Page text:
Consumer behaviour has changed dramatically in recent months as a result of Coronavirus, leading to a phase of hyper-digitisation.
High quality is no longer enough; today’s consumer demands an extreme response to customer needs, a high degree of personalisation and mass customisation.
The shutdown has accelerated the use of digital channels – not only in retail.
This development is not expected to reverse after the pandemic.
Among the winners are the well-known internet giants, but also specialists at the digital customer interface. In the financial sector, for example, neo-banks such as Revolut or N26 are enjoying a steady influx and specialised B2B ingenuity such as Klarna, hand in hand with online retailers, are serving consumer’s financial needs on the digital channels.
A recent study by Capgemini shows how important simple and customer-oriented banking is. According to the study, almost half of young and technology-wise consumers plan to change their bank in the next twelve months because their current one does not cover enough services, does not meet their needs or is not sufficiently integrated with the platforms and apps they use on a daily basis. This increases the pressure on banks to deal with and learn from the successful models of digital competitors.
Customer orientation beyond the own product
Digital companies such as Google, Apple, Facebook and Amazon score points above all with their broad customer access and the uncompromisingly customer-centric design of their offers. They do not orient their services towards a single product request, but rather towards the holistic needs of the customer beyond their own product range in order to create the best possible digital customer experience. Customer centricity and platform philosophy are the basis for their success.
In a digital world, banks must radically put the customer at the centre of their offerings and become the central platform for the customer – or integrate their offerings into their customer’s platforms. They have to serve the customer’s need for holistic financial solutions beyond their own portfolio and integrate the best products and services in the market into their own digital offerings. This requires opening up the bank and networking with partners via open banking.
The neo-banks show how this works. They rely on a focused product range geared to the target group and offer the attractive services and products of Fintechs and other partners in order to provide corresponding added value, such as special loans, foreign transfers, financial analysis or accounting functions for small and medium-sized enterprises.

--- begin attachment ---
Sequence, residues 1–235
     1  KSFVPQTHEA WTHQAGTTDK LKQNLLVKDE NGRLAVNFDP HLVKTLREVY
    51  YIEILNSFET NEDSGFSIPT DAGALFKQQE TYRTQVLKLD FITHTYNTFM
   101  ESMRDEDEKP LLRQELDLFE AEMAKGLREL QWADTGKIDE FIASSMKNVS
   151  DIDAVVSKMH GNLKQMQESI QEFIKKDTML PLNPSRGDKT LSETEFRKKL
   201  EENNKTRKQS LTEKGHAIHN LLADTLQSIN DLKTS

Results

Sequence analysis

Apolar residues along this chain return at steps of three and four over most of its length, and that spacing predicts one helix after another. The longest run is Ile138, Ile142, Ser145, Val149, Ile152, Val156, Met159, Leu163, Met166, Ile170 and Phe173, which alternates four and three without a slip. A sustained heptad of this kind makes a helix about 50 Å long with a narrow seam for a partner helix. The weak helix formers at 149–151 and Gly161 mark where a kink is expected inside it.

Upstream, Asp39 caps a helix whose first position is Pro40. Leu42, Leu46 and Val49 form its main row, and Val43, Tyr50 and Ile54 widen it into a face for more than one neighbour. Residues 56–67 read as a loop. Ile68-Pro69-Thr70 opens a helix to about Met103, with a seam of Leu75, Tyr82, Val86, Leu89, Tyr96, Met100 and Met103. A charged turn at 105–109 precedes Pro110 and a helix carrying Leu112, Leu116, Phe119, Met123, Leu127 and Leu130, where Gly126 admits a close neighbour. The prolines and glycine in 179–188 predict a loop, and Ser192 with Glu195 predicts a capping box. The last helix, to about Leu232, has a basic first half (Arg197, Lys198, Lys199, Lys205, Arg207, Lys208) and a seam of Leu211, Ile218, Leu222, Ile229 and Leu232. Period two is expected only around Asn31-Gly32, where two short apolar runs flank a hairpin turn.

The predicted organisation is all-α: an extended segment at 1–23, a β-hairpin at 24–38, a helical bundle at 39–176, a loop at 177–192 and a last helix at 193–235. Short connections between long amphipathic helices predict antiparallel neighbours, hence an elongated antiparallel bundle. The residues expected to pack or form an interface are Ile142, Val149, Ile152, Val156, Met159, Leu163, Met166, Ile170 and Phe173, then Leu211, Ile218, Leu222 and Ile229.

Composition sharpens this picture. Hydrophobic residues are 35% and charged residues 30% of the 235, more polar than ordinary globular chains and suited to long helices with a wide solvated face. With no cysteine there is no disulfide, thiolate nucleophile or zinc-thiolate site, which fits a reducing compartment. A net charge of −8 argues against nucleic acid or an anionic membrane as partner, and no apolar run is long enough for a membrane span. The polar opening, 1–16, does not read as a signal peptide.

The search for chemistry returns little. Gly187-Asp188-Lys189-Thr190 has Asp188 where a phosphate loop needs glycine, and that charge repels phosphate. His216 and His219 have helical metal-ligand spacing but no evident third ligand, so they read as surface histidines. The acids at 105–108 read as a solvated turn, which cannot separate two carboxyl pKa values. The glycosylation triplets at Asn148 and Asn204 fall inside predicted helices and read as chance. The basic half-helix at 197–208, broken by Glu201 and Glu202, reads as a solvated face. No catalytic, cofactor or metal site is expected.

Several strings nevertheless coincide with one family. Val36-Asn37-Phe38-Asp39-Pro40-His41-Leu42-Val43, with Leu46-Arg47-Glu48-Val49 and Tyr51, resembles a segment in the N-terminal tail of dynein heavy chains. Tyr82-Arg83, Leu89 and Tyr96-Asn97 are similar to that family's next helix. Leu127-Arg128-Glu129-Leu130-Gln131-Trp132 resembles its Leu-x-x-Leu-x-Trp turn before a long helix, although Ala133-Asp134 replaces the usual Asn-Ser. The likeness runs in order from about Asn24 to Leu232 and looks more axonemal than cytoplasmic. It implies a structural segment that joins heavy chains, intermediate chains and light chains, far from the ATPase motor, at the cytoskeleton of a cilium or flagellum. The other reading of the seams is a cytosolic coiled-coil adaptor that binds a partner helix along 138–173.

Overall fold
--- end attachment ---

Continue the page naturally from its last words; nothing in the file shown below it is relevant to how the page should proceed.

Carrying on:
Three central aspects of the platform model
Platforms are valuable because they open up a whole new source of value creation. They create benefits through economies of scale on the demand side, also known as network effects. These benefits arise when a product or service becomes more valuable to its users, the more people use it.
Banks can learn from the platform thinking of the big internet giants. Three aspects should play a central role in strategic considerations when building a banking platform:
1. Customer centricity
How do I design my digital offer in a customer-centred and holistic way according to the needs of the customer?
What solutions and offers does my customer expect?
Can I meet customer requirements with my products?
2. Choice of partner
It is important to understand which complementary services I can use to complement my digital services as a bank.
This is the basis for offering innovative financial solutions.
This is where banks need to identify and integrate the best partners in the market.
3. Technological basis
You have to look at the foundation of the platform.
Powerful and scalable open banking platforms are the definite success factor and the basis for implementing a networked offering with digital partners.
Traditional banking systems are thus opened up to digital partners and new fintech services are simply integrated into the digital offer.
The ideal way to the digital customer
The customer is king and is more important than ever in the digital age when banks want to arm themselves against the big technology companies, but also against digital challenger banks. Only if the banks succeed in acting customer-centred, they will be able to stand up to the internet giants and specialists at the digital customer interface. The platform idea is the ideal way to attract and retain today’s digital customers.